LOUISVILLE, Ky. — Hall of Fame trainer Bob Baffert has been suspended from Churchill Downs following a failed post-race drug test from Kentucky Derby winner Medina Spirit.
The racetrack said Baffert cannot enter any horses at Churchill indefinitely as it awaits the conclusion of the Kentucky Horse Racing Commission's investigation.
"Failure to comply with the rules and medication protocols jeopardizes the safety of the horses and jockeys, the integrity of our sport and the reputation of the Kentucky Derby and all who participate," the track said in a statement. "Churchill Downs will not tolerate it."
This is not the first time Baffert has been suspended due to failed drug tests. In the past year alone, the seven-time Derby winner has had to answer for five failed tests.
In July 2020, Baffert was fined and suspended by Arkansas racing officials after two horses tested positive for a banned substance. Baffert was given a 15-day suspension from Oaklawn Park after the horses tested positive for the painkiller lidocaine.
Like the betamethasone found in Medina Spirit's blood, lidocaine is legal. Officials said it is regulated because it can act as a masking agent.
Baffert also said he believed both horses that tested positive in May 2020 were "unknowingly and innocently" exposed by an assistant who applied a patch while suffering from back pain. His suspension was dropped after an appeal.
This time around, Baffert was adamant Medina Spirit was never treated with betamethasone, though the test found 21 picograms of the drug — double the legal threshold in Kentucky racing — in his blood.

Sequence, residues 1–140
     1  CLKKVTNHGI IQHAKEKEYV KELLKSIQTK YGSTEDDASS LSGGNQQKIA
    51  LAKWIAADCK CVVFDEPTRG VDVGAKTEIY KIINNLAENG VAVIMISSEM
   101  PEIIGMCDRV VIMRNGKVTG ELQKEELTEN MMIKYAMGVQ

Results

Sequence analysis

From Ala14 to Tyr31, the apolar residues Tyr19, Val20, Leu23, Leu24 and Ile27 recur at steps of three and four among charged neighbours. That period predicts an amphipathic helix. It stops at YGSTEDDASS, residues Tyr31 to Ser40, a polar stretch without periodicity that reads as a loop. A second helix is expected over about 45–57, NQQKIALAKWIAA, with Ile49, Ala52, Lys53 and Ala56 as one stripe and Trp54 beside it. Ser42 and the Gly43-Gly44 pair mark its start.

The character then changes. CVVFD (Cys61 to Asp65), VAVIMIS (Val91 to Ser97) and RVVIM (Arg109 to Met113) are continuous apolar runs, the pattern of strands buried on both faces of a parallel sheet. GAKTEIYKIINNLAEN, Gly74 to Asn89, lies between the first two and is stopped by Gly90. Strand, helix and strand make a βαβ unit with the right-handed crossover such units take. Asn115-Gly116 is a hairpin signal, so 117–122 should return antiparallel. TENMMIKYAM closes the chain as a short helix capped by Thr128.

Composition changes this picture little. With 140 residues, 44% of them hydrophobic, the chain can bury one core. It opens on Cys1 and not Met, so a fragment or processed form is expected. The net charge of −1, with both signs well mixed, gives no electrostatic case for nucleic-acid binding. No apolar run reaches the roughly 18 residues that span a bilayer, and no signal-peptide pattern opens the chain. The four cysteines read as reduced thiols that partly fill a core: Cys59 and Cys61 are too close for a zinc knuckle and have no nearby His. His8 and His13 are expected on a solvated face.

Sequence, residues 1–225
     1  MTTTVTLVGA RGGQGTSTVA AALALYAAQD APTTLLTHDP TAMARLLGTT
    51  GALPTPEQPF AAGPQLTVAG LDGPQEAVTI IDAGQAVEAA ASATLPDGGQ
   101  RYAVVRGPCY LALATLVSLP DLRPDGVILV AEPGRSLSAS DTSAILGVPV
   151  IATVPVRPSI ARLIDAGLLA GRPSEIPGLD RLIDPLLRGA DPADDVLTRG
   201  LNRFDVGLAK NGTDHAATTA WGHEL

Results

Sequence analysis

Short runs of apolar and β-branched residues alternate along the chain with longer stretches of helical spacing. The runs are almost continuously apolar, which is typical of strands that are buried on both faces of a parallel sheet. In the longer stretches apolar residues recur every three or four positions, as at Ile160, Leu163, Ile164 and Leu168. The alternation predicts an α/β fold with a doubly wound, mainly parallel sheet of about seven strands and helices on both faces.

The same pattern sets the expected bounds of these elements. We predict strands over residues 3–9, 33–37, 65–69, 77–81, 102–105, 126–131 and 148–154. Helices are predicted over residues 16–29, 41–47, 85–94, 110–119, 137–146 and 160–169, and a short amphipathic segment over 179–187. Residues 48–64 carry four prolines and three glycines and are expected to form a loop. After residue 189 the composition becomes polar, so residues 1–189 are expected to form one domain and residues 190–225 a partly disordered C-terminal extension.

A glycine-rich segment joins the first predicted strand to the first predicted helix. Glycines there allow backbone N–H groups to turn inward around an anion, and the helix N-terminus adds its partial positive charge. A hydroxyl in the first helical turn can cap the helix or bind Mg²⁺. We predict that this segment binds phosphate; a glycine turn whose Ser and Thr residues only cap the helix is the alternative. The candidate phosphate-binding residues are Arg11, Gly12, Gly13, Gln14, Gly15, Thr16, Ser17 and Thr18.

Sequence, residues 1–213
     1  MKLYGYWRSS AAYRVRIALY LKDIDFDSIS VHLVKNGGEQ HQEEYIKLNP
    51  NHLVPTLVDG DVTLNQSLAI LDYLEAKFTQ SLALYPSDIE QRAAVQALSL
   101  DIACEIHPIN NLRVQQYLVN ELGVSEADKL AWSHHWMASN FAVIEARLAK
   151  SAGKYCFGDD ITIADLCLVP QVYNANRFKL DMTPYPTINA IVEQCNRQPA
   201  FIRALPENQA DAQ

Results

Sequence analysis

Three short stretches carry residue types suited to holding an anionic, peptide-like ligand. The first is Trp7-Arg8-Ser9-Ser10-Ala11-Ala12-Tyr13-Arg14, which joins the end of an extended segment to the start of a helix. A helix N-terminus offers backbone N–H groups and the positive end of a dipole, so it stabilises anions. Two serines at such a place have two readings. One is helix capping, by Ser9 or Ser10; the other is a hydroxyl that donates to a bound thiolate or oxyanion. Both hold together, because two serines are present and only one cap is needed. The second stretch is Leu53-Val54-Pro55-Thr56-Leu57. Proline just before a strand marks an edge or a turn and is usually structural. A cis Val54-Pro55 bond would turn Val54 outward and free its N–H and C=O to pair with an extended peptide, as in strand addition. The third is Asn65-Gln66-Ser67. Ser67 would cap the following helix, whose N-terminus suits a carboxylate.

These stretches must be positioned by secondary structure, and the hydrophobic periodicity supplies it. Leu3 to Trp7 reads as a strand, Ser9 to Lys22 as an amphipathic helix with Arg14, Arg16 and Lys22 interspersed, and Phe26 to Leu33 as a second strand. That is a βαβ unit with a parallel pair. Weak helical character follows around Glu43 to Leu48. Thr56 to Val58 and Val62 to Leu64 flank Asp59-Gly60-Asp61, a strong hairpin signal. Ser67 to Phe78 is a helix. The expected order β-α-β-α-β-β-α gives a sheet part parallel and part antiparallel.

"Whether or not you can fairly say this gave Medina Spirit an unfair advantage, I don't know," said Marty McGee of Daily Racing Form. "It was picograms, which are trillionths of a gram that were detected in the system. Nonetheless, again this is not the first time this has happened to Bob and it's quite unfortunate."
Less than a year before Baffert's suspension from Oaklawn, the New York Times reported 2018 Triple Crown winner Justify had failed a post-race drug test after winning the Santa Anita Derby before winning the Kentucky Derby.
Officials later said the positive test was linked to a shipment of feed several horses based at Santa Anita Race Track consumed. Many of those horses tested positive for the same drug, and officials said it was not intentional.
Baffert is one of the most famous names in horseracing, saying Sunday that he "got the biggest gut-punch in racing for something I didn't do."
Medina Spirit would be just the second drug disqualification in Kentucky Derby history. Dancer's Image was the first to cross the finish line in 1968, but tests indicated the colt was given an illegal anti-inflammatory drug.
Baffert said he will fight results and said his team would "prove to them it was contamination."
"We know for certain that we did not give him that," Baffert said Monday. "We all know it’s a contaminant level and that’s the issue here. I’ve seen this over and over...it’s unfortunate that it happened at the Kentucky Derby — it's the most prestigious race, and it’s crazy a horrible feeling. I just feel for the horse, it’s not right...we’re gonna fight this all we can."
Medina Spirit is still scheduled to run in the Preakness Saturday, along with Baffert's other contender Concert Tour. The process to confirm test results could take weeks.